What is hard to comprehend is that Wilford Brimley not only didn't get the Best Supporting Actor Oscar; he wasn't even nominated! Oh well, awards don't always go to the most deserving. If you haven't seen "Absence of Malace", watch it the next chance you get. Much of it will impress you and one scene in particular will stay with you long after the others are forgotten."
Good performances...ethics be damned
Steve S. | Roswell, GA USA | 04/18/2000
(3 out of 5 stars)
"The issue of leaking information to the press has been around for years, and this film does its best to illustrate how badly it can backfire when the sources aren't properly checked and re-checked.Having said that, and being a journalist myself, I just want to shoot Sally Field for her gross violations of journalist ethics. Getting involved with the subject? No how, no way. It just isn't done. If you can accept this HUGE leap of journalistic and editorial faith, then the rest of the movie is a breeze.Aside from Newman, I think the best performance in the movie is one of the briefest...Wilford Brimley as the U.S. Attorney who gets to the bottom of the mess. It's just a pleasure to watch him go through the paces of tearing Bob Balaban's little vendetta all to pieces, and to experience his grudging approval to let Newman walk."
It Get's Better With Each Viewing
Ohioscott | Reynoldsburg, OH United States | 05/28/2006
(4 out of 5 stars)
"It's hard for me to just toss around 5-star ratings for movies. I think they need to be reserved for something really special. Absence of Malice is a great movie and it deserves a solid 4-stars in my opinion.
There is really no need to rehash some of the other things said in the previous reviews. I certainly agree with all the kudos for Wilford Brimley. His performance became the initial reason why I fell in love with this movie. The repeat viewings have shown me that it is hard to find bad acting in this movie.
You always know that a director has done a great job when he can take characters with limited screen time and still cause us to know what they are feeling and thinking. Pollack does this masterfully with DA Quinn (Hood), Uncle Santos (Adler), and Editor McAdam (Sommer).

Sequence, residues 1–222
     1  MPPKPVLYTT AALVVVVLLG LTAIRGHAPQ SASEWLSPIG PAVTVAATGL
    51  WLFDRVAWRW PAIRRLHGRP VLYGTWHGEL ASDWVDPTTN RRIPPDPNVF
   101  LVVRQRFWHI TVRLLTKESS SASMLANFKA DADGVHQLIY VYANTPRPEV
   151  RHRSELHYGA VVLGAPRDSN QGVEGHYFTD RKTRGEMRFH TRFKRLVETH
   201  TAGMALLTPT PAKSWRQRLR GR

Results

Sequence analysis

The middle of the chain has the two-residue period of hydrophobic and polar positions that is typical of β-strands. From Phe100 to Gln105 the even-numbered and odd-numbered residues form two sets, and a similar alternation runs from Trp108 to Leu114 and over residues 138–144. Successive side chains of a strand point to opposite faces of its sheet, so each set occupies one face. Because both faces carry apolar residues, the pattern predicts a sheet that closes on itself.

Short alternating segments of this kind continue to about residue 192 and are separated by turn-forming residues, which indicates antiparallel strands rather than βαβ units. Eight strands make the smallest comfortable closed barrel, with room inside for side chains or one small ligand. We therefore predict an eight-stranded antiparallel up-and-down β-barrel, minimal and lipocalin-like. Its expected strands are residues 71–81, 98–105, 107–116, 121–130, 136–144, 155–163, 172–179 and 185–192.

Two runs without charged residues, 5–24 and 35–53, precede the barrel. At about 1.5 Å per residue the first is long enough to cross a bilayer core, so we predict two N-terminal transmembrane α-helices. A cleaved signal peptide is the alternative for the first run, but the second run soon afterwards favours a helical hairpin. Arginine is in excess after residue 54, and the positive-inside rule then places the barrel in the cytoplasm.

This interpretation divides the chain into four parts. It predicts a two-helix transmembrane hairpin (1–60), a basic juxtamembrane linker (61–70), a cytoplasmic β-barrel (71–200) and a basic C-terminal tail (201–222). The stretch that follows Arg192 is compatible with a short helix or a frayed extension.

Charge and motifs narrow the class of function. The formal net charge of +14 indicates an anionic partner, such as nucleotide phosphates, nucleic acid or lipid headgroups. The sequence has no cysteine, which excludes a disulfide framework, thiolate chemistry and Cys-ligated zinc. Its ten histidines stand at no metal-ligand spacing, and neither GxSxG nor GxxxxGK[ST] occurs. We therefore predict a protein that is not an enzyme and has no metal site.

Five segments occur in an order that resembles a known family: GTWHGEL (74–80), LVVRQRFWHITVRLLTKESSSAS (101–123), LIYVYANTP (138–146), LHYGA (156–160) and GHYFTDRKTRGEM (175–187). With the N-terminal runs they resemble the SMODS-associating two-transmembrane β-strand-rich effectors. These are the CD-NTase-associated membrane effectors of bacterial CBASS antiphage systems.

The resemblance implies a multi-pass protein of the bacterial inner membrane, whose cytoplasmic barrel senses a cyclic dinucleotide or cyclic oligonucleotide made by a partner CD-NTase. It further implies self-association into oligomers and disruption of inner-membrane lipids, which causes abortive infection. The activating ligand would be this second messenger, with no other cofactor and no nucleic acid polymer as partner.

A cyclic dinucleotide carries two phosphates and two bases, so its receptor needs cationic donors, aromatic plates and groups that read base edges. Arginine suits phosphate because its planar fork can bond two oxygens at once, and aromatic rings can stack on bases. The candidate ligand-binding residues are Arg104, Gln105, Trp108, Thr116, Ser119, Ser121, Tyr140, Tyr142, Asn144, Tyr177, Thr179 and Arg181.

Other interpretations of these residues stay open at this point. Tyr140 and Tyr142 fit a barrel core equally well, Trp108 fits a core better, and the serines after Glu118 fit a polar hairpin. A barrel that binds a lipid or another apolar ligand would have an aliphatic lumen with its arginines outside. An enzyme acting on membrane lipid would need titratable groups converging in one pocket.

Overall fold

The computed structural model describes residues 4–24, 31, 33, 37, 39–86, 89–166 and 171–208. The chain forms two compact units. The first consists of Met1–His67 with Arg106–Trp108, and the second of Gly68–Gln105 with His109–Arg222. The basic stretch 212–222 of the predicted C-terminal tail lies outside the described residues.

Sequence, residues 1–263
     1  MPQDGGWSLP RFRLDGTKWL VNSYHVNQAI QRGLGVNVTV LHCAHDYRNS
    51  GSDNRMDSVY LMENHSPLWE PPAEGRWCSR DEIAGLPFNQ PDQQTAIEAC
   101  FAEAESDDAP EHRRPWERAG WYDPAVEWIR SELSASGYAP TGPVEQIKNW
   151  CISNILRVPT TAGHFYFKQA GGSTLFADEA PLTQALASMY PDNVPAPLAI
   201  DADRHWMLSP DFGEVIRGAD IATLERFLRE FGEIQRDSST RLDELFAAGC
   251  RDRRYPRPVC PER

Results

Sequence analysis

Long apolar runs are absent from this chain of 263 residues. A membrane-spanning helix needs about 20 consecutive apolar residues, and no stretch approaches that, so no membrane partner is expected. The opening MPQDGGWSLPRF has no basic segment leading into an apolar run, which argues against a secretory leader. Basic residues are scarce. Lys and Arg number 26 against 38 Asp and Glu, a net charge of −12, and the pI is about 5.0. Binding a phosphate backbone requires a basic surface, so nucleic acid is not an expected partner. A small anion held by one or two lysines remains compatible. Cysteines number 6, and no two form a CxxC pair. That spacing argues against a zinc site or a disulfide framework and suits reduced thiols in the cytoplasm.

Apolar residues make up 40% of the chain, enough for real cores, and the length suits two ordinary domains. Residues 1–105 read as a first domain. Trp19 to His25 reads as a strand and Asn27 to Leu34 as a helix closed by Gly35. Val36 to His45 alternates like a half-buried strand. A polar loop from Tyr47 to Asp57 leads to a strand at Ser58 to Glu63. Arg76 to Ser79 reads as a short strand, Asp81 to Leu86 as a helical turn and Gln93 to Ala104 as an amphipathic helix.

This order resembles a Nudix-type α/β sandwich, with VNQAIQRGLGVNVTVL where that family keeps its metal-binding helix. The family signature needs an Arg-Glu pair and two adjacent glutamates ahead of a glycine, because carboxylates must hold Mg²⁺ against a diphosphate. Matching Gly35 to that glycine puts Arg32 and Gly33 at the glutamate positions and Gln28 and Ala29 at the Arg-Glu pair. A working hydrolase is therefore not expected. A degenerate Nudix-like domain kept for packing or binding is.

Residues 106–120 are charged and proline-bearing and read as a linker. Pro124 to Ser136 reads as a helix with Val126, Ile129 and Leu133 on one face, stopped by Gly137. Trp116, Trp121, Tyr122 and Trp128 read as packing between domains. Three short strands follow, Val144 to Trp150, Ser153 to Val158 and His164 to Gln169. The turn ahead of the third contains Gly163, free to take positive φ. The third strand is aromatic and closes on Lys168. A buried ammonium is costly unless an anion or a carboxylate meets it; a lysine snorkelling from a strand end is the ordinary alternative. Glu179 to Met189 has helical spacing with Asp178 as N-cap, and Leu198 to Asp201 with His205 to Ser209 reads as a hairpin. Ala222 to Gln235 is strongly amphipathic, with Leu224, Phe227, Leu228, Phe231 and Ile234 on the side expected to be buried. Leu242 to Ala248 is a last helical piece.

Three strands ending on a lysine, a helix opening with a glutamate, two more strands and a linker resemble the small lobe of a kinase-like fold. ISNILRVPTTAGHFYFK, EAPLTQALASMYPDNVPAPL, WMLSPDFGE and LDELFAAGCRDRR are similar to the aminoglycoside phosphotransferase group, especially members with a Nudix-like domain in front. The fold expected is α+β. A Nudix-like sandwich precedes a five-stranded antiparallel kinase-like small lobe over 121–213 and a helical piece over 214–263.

I did have 2 problems with the film after the first couple viewings but have since made peace concerning them. First, I really didn't like the Teresa Perrone character played flawlessly by Melinda Dillon. I didn't buy the relationship between her and Gallagher (Newman) but I guess if she had been his sister or his ex-wife then the revenge plot he charted with his uncle would have taken a different course.
I also initially didn't like the casting of Sally Field in the lead. I felt the same way a fews years ago when Meg Ryan tried to pull off Proof Of Life. If you needed cute then Sally Field was your huckleberry but this role needed a little more street cred. The problem I had was who else could you have cast? Streep was even younger then Fields at the time. I'm not a huge Faye Dunaway fan but she probably would have been a better fit. But, I will have to admit that Ms Field never looked better then when she was standing on the dock in the closing scene with Paul Newman.
One last note. I wonder if Bob Balaban, who since has been great in the Christopher Guest trilogy of films and the TV show Seinfeld, kept the rubber band that he kept spinning around in this movie. It was a very effective prop in moving forward his career."
Terrific acting and issues which remain relevant today
Randy Keehn | 05/30/1999
(4 out of 5 stars)
"Sally Field is an earnest but ambitious newspaper reporter who skirts the boundaries of journalism ethics - a term not yet regarded as an oxymoron when this movie came out in the early 80s - and Paul Newman is the unfairly indicted son of a south Florida mobster. Field chases her story with unintended tragic consequences and sparks fly between her and Newman, in more ways than one.The real strength of the movie is in the fine acting. Newman and Field are in top form but it is the supporting roles which catch your attention. The then little known character actor Wilford Brimley shows up in the third reel as a down-home U.S. prosecutor and walks off with the movie. "At the end of today two things are gonna be true that ain't true now. One is we're going to know what in the good Christ has been going on down here, and two is I'm going to have somebody's ass in my briefcase." "Wonderful thing, subpeenees." Bob Balaban is also vivid as an overzealous prosecutor whose ruse sets the plot in motion.If you like this one, you may also like "Independence Day." Not the recent studio blockbuster starring Will Smith but a "small" movie from the early 80s featuring tight writing and a terrific ensemble cast, with Kathleen Quinlan and David Keith in the leading parts and Dianne Wiest in an unforgettable supporting role."